An Antifederalist Critique of the Constitution: Pennsylvania, 1787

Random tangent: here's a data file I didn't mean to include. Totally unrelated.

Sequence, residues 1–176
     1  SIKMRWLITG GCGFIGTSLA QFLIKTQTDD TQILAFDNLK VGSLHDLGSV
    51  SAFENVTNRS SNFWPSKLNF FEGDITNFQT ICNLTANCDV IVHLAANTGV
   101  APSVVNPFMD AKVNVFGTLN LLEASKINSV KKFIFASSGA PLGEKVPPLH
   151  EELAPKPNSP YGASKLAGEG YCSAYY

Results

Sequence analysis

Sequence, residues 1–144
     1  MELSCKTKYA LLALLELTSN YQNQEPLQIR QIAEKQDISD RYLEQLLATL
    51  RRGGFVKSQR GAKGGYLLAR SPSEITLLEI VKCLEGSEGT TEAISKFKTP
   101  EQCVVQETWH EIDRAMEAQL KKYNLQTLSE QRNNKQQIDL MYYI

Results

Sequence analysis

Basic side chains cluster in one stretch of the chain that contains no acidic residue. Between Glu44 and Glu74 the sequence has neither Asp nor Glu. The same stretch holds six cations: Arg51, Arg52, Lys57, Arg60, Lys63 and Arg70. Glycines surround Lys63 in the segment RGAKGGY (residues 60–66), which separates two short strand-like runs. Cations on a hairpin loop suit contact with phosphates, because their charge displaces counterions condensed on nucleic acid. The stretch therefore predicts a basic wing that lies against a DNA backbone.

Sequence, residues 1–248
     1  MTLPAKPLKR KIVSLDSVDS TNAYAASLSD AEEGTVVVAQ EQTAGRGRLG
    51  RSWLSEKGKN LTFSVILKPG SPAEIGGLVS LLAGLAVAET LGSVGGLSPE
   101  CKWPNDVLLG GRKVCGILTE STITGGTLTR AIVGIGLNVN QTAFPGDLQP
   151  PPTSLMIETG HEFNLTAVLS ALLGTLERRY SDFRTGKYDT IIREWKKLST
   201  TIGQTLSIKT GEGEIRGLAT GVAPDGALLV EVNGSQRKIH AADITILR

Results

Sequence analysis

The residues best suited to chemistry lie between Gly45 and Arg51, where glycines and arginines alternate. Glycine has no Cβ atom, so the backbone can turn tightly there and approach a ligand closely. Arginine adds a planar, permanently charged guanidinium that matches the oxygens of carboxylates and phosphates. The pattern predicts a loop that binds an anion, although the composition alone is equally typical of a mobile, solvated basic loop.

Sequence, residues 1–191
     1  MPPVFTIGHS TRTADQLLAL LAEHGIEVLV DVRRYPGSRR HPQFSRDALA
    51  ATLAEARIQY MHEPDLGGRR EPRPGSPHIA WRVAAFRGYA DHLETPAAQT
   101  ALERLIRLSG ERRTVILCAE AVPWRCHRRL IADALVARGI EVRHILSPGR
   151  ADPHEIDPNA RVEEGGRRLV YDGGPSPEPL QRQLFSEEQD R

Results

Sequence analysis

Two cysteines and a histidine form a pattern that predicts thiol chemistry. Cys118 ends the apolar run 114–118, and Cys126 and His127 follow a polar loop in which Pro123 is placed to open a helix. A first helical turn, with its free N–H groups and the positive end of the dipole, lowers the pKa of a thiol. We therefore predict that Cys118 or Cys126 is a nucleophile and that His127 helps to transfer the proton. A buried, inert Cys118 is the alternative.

Before the federal Constitution could go into effect, it needed to be approved by the people in state ratifying conventions. As citizens passionately debated every aspect of this new Constitution, those who opposed ratification became known as Antifederalists. Antifederalists worried that the federal Constitution would destroy the states as meaningful political communities and create a single, “consolidated” national government less responsive to the people’s voices and more dangerous to their liberties. A group of delegates in the Pennsylvania ratifying convention were among the first to articulate these concerns in 1787. The Antifederalists’ efforts during the ratification debates helped ensure that a bill of rights protecting citizens was eventually added to the U. S. Constitution.